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Mother Of Hamilton Heights Terror Plot Suspect Speaks Out, Offers Apology

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The mother of an alleged al-Qaeda sympathizer and Manhattan resident who has been arraigned on charges of plotting to detonate bombs in the city is speaking out.

Authorities say Jose Pimentel, 27, was targeting US troops returning from Iraq and Afghanistan and wanted to blow up post offices and police cars.

Pimentel, a U.S. citizen, is a native of the Dominican Republic who lived in Hamilton Heights.

His mother, Carmen Sosa, says she's shocked and saddened by the news.

"I would like to apologize about this, I mean I didn't raise my son that way. I feel very bad about this," Sosa said. "I always loved New York the way it is. I also want to say thank you to the police. I think they handled it well."

Police Commissioner Ray Kelly said Pimentel was actively building bombs in his apartment.

Kelly says police made the arrest because he was ready to carry out his plan.

Pimentel was allegedly building bombs, following instructions from the radical cleric Anwar al-Awlaki's militant magazine.

Police made a similar device and detonated it.

Investigators say Pimentel was acting alone and was not affiliated with any al-Qaeda cells.

"The NYPD has been keeping track of Jose Pimentel since May of 2009, when he talked about violence, and more intensely in recent weeks as he acted on it," Kelly said.

"The defendant stated his belief in violent jihad and harbored a violent ideology, and you could see that from his website True Islam. He posted articles on Osama bin Laden, discussed the duty of every Muslim to wage war against the West, and identified himself with terrorist organizations," said Manhattan District Attorney Cy Vance, Jr.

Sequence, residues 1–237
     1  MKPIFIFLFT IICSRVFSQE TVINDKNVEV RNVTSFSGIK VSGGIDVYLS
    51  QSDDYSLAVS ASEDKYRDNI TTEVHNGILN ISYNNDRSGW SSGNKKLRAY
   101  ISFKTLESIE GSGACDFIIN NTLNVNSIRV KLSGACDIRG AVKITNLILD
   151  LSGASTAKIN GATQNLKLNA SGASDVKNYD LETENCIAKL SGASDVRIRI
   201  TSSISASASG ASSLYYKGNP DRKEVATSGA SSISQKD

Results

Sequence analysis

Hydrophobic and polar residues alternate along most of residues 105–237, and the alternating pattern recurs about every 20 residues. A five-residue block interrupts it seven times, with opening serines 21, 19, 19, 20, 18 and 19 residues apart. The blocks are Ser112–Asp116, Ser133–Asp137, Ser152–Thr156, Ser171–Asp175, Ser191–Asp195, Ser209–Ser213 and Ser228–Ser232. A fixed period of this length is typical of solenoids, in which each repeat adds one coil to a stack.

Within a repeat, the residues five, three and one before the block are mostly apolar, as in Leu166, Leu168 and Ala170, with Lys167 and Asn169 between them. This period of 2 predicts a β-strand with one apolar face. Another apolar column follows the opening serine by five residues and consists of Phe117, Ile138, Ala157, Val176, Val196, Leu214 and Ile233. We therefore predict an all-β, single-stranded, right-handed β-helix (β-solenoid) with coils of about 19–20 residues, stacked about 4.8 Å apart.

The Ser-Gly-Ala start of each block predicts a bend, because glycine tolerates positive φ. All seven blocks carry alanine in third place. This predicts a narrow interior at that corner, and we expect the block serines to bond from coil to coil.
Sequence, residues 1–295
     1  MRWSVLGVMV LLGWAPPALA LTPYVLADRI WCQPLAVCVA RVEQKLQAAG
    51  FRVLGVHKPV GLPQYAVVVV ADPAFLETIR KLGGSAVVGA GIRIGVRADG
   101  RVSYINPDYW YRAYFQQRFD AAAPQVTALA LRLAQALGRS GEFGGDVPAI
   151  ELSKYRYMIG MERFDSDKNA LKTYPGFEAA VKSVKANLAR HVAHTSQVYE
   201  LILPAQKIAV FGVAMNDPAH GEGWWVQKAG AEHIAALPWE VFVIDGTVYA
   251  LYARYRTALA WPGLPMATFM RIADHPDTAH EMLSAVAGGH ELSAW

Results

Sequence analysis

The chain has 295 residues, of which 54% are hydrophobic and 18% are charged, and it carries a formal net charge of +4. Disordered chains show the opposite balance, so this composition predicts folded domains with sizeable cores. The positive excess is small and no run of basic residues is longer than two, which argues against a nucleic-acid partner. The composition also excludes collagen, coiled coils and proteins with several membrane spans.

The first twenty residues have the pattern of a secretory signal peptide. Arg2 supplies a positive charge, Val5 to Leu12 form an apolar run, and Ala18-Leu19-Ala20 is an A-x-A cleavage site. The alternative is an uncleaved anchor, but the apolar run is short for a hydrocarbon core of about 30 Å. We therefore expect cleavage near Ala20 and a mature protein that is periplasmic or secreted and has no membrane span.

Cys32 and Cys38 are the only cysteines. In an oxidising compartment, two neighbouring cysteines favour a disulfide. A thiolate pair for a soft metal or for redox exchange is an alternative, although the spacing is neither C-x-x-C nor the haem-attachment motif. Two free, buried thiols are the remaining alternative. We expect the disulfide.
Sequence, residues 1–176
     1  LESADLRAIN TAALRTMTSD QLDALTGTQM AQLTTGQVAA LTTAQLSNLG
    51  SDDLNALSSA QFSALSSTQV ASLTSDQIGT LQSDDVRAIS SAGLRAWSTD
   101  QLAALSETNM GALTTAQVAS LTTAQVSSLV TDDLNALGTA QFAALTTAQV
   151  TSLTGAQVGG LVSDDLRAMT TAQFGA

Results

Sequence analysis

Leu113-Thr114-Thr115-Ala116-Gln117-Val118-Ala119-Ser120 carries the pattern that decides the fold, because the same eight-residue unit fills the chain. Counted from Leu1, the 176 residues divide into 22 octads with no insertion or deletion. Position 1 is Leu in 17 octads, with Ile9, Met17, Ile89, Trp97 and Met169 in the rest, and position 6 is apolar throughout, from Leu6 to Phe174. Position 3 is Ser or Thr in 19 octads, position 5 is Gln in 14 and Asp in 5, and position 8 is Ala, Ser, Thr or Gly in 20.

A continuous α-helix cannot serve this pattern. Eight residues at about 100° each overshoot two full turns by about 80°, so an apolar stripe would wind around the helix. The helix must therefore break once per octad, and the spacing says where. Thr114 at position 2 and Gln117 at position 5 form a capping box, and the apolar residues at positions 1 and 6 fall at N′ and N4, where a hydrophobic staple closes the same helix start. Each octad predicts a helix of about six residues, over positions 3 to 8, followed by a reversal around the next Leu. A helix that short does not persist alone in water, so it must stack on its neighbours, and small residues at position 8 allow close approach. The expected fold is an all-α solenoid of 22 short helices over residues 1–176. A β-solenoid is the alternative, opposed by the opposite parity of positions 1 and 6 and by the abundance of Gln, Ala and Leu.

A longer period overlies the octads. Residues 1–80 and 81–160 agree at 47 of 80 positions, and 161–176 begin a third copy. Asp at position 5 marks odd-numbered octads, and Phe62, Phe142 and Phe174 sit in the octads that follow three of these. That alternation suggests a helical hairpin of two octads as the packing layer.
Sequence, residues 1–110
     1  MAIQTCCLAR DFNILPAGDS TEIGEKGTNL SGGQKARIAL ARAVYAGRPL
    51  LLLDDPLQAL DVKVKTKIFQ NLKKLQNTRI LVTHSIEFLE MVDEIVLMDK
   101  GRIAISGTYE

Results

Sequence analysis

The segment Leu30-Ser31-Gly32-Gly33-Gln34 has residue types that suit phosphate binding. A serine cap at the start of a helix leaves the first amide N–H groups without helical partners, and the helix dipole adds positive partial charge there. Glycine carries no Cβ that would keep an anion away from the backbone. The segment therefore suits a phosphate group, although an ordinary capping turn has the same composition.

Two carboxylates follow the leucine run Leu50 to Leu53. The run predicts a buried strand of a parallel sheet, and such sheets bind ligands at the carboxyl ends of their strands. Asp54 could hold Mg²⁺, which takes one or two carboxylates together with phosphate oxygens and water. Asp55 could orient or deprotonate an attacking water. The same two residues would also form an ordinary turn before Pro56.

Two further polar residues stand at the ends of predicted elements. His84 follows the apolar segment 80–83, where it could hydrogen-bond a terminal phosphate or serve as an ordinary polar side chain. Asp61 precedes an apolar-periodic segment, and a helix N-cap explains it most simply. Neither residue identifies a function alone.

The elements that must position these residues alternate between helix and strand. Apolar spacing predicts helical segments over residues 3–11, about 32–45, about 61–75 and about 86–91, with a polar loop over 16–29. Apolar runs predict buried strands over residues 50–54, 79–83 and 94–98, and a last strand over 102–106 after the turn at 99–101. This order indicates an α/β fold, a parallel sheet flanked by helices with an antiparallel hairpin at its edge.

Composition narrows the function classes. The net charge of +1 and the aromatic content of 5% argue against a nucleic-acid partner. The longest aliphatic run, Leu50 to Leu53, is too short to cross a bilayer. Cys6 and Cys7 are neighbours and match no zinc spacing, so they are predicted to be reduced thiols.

Investigators say Pimentel was within an hour of finishing a pipe bomb when the police raided his apartment.

He was apparently following a bomb-making recipe titled "How To Make a Bomb in the Kitchen of Your Mom."

He linked to the article on his own website.

Investigators say he was motivated to put his plans into action by the death of al-Awlaki, who was killed in a CIA drone strike in Yemen in September.

Pimentel's lawyer says his client was open about his anti-American feelings which doesn't fit the profile of someone plotting a terror attack.

"There is nothing sleeper or hidden about this whatsoever. It would not have required a very difficult investigation to be able to find out any of what took place with regards to my client," said defense attorney Joseph Zablocki.

Pimentel's mother says her son was raised a Catholic but became interested in Islam shortly after the September 11th attacks.

Muslims who live near his home on 137th Street called Pimentel by his Muslim name, Muhammad Yusuf.

"He always used to say salaam alaikum in basically Muslim, basically greet us because I'm muslim as well. And he seemed nice but he was always quiet," said neighbor Simon Islam.

"I know he is Muslim, he says he is Muslim, but he is not. Because I tell you we fast, we do everything. He did not do nothing," said store owner Mohamed Alouddi.

As well as living in Manhattan, Pimentel spent time at his family's home in Schenectady, New York.

He was convicted of a burglary there in 2006 and placed on five years probation. That's also when authorities started tracking his alleged terror plot activities.

Pimental is being held without bail and is due back in court on November 25.

If convicted, he faces a maximum of 15 years to life in prison.

This is the 14th allegation of a plot targeting the city since the September 11th terrorist attacks.

In the wake of Pimentel's arrest, local lawmakers said New York needs its fair share of security funds.

Senator Charles Schumer and Congressman Peter King said the case proves New York remains the top target for terrorists, both at home and abroad.

While praising the NYPD's efforts, both Schumer and King said the city needs all the money it can get to ensure New Yorkers are safe.

"Pulling out the rug from under the NYPD is simply the the last thing on Earth we should be doing," said Schumer.

"To me, it's just putting people's lives at risk. It's playing Russian roulette with people's lives and it's indefensible," said King.

King said New York is five times more likely to be the target of attack than any other city in the nation.

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